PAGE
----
What Are the Labor Laws Against Verbal Abuse in North Carolina?
No one is immune to the demands of a hectic, high-pressure work life. Stress, physical exertion, and long hours behind a desk can take their toll. Of the 157 million people employed in the U.S., 83% report that they suffer from work-related stress. But while some career demands are acceptable, others are not.
Workplace harassment and abuse have an unimaginable effect on a person’s workload. And unfortunately, these occurrences are not uncommon. In fact, about 9.5% of working men and 11% of working women experience some form of harassment while at their job.
An abused person may suffer from a range of physical and psychological health effects. These include:
- Loss of sleep
- High blood pressure
- Panic attacks
- Increased stress levels
If you are the victim of verbal abuse in the workplace, you likely have questions. Namely, “What are my rights,” “How do I take action,” and “Do I need a lawyer?”
Many abused workers are in the dark about their rights. Fortunately, that doesn’t have to remain the case.
The team at Morgan & Morgan is experienced in NC labor laws/verbal abuse claims. If you believe your employer has violated your rights, fill out our online form to schedule a free, no-obligation legal consultation.
What Qualifies as Verbal Abuse?
In North Carolina, every person has the right to work in a discrimination-free, harassment-free environment. You should never experience unwelcome speech or conduct regarding these factors, while at work:
- Sexual orientation
- Religion or creed
- National origin
- Disabling conditions
Unwanted speech can take the form of an angry outburst, backhanded remark, or office gossip. But for the experience to constitute harassment, it must fall into one of two categories. The abuse must either occur on a continuous basis or be something a reasonable person would consider to be hostile/abusive.
Events that are minor or isolated do not fit the requirements.
Workplace abuse is never acceptable. But the harassment becomes unlawful in these scenarios:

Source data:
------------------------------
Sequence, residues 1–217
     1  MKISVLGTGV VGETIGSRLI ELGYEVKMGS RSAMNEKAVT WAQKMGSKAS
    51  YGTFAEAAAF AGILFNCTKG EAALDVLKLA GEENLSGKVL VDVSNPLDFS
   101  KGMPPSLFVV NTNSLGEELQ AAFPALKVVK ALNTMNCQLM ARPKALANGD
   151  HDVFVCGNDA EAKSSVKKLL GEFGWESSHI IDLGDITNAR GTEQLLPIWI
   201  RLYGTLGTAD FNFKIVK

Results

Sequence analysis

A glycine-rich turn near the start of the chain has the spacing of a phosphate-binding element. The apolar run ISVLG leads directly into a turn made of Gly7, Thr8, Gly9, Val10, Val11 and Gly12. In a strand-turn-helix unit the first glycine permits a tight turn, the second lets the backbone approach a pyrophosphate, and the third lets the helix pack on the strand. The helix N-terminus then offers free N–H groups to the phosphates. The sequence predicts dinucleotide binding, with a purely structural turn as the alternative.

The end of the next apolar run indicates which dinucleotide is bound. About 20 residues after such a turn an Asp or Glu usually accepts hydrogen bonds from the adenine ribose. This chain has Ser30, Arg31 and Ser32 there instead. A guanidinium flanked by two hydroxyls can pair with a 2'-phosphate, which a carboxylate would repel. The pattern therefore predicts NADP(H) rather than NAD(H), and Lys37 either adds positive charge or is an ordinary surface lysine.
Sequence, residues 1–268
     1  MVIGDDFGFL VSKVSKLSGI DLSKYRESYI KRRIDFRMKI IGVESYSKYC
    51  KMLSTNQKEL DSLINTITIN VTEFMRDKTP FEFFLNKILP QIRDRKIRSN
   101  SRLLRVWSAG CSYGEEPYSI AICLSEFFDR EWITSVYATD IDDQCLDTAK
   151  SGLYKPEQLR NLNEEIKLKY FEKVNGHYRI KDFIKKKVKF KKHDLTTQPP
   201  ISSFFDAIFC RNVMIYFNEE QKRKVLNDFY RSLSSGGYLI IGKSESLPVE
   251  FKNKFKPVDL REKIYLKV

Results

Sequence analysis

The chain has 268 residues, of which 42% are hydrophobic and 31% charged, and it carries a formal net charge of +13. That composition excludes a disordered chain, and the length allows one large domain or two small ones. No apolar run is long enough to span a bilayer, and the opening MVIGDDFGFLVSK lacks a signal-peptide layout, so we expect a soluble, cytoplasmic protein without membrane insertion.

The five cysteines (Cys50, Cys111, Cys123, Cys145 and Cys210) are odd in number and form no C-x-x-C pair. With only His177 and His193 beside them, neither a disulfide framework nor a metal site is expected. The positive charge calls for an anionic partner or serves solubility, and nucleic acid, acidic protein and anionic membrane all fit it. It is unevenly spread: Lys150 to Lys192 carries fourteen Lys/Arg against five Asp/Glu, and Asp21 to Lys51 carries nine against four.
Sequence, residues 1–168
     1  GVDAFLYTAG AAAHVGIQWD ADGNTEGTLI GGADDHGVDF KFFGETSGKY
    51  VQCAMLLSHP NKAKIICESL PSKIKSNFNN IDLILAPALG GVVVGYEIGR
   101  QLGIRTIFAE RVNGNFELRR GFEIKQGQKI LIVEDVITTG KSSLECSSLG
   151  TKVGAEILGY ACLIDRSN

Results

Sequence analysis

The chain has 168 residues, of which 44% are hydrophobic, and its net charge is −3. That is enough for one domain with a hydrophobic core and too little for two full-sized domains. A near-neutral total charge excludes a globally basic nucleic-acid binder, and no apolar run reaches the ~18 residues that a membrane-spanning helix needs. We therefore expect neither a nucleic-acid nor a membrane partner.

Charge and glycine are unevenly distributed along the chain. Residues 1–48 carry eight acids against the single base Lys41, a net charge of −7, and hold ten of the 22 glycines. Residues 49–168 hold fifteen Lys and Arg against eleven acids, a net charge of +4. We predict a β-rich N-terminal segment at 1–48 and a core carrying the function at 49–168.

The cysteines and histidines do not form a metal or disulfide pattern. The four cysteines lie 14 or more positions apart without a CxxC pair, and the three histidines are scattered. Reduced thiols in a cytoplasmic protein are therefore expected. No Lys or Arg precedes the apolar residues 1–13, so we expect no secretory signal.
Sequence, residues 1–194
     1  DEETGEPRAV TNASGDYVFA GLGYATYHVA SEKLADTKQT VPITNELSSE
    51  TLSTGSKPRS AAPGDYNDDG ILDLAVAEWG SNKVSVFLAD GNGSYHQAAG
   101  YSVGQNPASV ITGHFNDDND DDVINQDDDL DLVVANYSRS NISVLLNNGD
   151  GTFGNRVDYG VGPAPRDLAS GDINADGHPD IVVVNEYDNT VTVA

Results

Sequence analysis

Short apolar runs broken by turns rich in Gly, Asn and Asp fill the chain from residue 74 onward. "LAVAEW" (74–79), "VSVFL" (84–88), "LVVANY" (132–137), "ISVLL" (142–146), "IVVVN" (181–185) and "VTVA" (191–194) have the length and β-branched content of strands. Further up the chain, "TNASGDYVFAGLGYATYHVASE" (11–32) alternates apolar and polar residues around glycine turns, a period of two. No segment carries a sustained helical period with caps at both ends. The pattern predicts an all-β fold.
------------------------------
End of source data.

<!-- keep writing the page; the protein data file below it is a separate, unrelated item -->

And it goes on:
- When the abuse becomes a condition of the victim’s employment
- When the abuse creates an environment that is intimidating or hostile
Have you been insulted, belittled, or discredited in a way that puts you in either of these situations? If so, it is time to take action. If you have concerns about NC labor laws/verbal abuse, reach out to the experienced team at Morgan & Morgan today.
What Is Quid Pro Quo Harassment?
When the harassment comes from a supervisor, it may culminate in a tangible employment action. This is considered “quid pro quo” harassment. Oftentimes, quid pro quo harassment is sexual in nature.
Has your employer explicitly or implicitly made submission to harassment a term of your employment? Here are a few scenarios that may apply to you:
Fear of Negative Consequences
In some cases, employees fear that rejecting or reporting harassment will result in negative consequences. If you have received these threats or similar ones, you might be experiencing quid pro quo harassment:
- Undesirable transfers
- Negative performance reviews
- Undesirable work schedules and shifts
An implied or explicit threat of unfavorable work consequences should not be tolerated.
Expectations of Reward for Dealing With Abuse or Harassment
Sometimes, harassment comes with the expectation that the employee will benefit as a result of putting up with negative behaviors. Those benefits may include the following:
- Favorable schedules
- Desirable transfers